Personal injury cases are designed to compensate people for their injuries. In a best-case scenario, an injury can be immediately paid for, and everyone can move on. There are times, however, when the injury is so severe that someone will need financial benefits for a long time, maybe for the rest of their life. Such injuries are often classified as “catastrophic.” Insurance companies want to settle out of court because it usually costs them less than a court trial.
What Is a Catastrophic Injury?
The American Medical Association (AMA) defines a catastrophic injury as a severe injury to the spine or brain. These injuries have a lasting effect on victims. Spinal injuries can paralyze someone, forcing them to live an entirely new life with a new body. Their homes and vehicles must be modified, and the costs of their injuries can be in the millions in the first year alone.
Brain injuries can also cause paralysis, but there are other devastating effects as well. They can damage a person’s emotional regulation, causing wild mood swings or severe depression and anxiety. Cognitive ability can be altered, making learning new things difficult. Some who suffer severe brain injuries lose their ability to remember most anything from one day to the next. Brain injuries can also cause someone to regress into a childlike state, affecting their intelligence and learning skills.
Legally, a catastrophic injury is classified into two categories: fatal and permanent disability.
- Fatal injuries kill the injured party. In most states, the death must happen within 30 days of the injury for it to qualify. When a loved one dies because of catastrophic injuries, it is possible to file a wrongful death lawsuit. Wrongful death suits help compensate survivors for medical costs, funeral expenses, loss of wages, potential earnings, and mental anguish.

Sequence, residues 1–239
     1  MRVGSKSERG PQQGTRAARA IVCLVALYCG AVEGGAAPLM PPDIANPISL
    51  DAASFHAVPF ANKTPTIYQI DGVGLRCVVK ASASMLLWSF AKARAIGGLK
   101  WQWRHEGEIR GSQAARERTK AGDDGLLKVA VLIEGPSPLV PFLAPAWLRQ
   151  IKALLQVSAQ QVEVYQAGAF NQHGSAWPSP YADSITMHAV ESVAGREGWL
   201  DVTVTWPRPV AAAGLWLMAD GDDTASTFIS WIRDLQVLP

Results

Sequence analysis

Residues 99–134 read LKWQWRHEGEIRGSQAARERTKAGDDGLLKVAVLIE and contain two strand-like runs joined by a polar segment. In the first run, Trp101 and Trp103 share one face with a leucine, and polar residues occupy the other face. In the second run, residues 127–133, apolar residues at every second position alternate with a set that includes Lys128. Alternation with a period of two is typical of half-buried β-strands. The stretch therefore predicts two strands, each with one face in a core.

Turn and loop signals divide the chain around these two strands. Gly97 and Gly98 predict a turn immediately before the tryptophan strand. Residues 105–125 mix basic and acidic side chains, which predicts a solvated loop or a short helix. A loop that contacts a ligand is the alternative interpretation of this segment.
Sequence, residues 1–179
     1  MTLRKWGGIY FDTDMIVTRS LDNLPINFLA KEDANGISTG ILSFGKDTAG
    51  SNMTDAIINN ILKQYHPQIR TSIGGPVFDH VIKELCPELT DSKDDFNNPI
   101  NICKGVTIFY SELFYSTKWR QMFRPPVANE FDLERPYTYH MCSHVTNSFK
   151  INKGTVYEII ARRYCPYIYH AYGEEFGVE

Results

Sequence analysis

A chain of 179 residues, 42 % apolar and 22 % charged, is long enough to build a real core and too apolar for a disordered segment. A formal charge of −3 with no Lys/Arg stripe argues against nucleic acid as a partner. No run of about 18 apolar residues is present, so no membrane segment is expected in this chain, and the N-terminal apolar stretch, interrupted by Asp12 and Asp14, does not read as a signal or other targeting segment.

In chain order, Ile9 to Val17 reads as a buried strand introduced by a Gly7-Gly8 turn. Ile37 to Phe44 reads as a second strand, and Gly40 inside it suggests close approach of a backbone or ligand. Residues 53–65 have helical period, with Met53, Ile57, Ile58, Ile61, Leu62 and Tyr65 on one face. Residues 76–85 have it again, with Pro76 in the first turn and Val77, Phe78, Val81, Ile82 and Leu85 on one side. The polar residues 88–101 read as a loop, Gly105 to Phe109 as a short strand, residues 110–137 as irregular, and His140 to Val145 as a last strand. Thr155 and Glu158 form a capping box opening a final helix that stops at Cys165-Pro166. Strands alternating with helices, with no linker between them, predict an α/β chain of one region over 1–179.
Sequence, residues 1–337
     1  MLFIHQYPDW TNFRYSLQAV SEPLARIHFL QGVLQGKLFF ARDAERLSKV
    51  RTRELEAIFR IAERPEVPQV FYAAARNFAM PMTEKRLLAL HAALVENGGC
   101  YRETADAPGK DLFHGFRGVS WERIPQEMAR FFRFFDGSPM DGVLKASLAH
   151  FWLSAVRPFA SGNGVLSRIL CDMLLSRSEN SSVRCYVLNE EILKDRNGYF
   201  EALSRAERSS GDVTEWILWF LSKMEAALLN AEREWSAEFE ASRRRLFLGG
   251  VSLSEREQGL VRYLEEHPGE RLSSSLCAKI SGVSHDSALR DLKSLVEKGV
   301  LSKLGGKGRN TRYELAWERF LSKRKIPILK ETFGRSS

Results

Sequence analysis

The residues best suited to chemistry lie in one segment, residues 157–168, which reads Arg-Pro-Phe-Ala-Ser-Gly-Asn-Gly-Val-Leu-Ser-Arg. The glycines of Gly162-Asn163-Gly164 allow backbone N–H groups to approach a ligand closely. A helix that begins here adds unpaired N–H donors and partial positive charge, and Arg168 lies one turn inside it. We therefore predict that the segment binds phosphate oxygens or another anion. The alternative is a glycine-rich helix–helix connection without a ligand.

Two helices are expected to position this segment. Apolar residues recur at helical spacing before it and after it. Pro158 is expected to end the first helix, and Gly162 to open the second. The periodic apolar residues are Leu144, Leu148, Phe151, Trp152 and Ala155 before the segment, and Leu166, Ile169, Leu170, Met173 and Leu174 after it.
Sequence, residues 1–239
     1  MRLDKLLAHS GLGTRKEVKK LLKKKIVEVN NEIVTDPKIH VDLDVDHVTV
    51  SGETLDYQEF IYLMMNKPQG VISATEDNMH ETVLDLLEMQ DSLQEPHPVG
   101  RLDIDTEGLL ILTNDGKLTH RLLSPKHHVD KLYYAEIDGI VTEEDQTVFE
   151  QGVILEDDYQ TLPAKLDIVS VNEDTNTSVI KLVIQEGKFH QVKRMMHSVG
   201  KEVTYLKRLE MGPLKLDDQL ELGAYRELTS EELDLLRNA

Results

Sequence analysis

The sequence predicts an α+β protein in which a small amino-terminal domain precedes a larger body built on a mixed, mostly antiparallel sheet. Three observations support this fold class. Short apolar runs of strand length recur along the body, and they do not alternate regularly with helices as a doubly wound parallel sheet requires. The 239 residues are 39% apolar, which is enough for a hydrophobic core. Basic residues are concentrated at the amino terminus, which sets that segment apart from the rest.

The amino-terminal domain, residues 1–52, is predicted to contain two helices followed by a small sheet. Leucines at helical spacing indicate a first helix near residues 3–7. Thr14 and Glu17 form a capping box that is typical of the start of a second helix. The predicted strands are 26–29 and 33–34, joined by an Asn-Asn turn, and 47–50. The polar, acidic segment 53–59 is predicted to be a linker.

- Permanent disability may be relative. Catastrophic injuries often appear as spine and brain injuries leading to death or disability. However, even minor injuries can be catastrophic in certain contexts. For example, an artist who loses the use of his hand may be able to claim a catastrophic injury. A dancer who suffers a debilitating knee injury could do the same.
Comorbidity is a huge concern with catastrophic injury sufferers. This is when one physical ailment creates another ailment that must be treated separately. A paralyzed person, for example, may suffer bed sores or have circulation problems.
It is easy to see how expensive a catastrophic injury becomes. This is the main reason why they are often settled out of court.
Insurance Companies Want to Avoid Lawsuits
When a defendant loses a personal injury case, their insurance company typically handles the compensation. This is an expected part of their business model. When it comes to a catastrophic injury, insurance companies want to avoid paying whenever possible.
Catastrophic injuries are expensive. As outlined above, they can cost hundreds of thousands of dollars or even millions. This is in the first year alone. Someone who has suffered such an injury can be affected for life, often needing continuous care. While the subsequent years are not as expensive as the first, they still can cost in the tens of thousands of dollars annually just to maintain a certain quality of life.
If a defendant loses a catastrophic injury case, their insurance company is looking at a huge settlement. Attempting to avoid this, they will offer a settlement up front. They do not want the injured party to know how much compensation is available in a lawsuit, so they will offer a sizable amount. This amount, however, is smaller than what a plaintiff could receive in a civil case.
Talk to an Attorney
Settlements are good for insurance companies, but they are also appealing to the injured. Insurance companies will try to convince you that a settlement is better than the time and struggle of a courtroom case. They will attempt to scare you by telling you that if you lose in court, you won’t receive anything, and you will wind up bankrupt as well as injured.
Before you agree to any settlements, talk to a lawyer. This cannot be stressed enough. Lawyers know how much you are entitled to, and they know when you are being deceived. No matter how attractive an offer looks, run it by an attorney first. They can see through an insurance company’s tricks. Even if a settlement is best for everyone involved, lawyers can negotiate for a better deal. Do not attempt to make this decision on your own. Your attorney is there to take care of you, so trust their judgement and leadership.
If you have suffered a catastrophic injury, reach out to us today. We can help you navigate the complexities of settlements and courtroom trials. Free consultations are available at (607) 228-8404 or online.